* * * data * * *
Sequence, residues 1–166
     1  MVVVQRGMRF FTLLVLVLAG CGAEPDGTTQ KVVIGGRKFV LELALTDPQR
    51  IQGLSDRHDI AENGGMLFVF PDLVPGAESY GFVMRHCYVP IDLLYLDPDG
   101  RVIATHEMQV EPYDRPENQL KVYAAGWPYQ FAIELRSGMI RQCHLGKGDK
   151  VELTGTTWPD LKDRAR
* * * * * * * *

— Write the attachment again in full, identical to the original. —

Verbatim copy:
Sequence, residues 1–166
     1  MVVVQRGMRF FTLLVLVLAG CGAEPDGTTQ KVVIGGRKFV LELALTDPQR
    51  IQGLSDRHDI AENGGMLFVF PDLVPGAESY GFVMRHCYVP IDLLYLDPDG
   101  RVIATHEMQV EPYDRPENQL KVYAAGWPYQ FAIELRSGMI RQCHLGKGDK
   151  VELTGTTWPD LKDRAR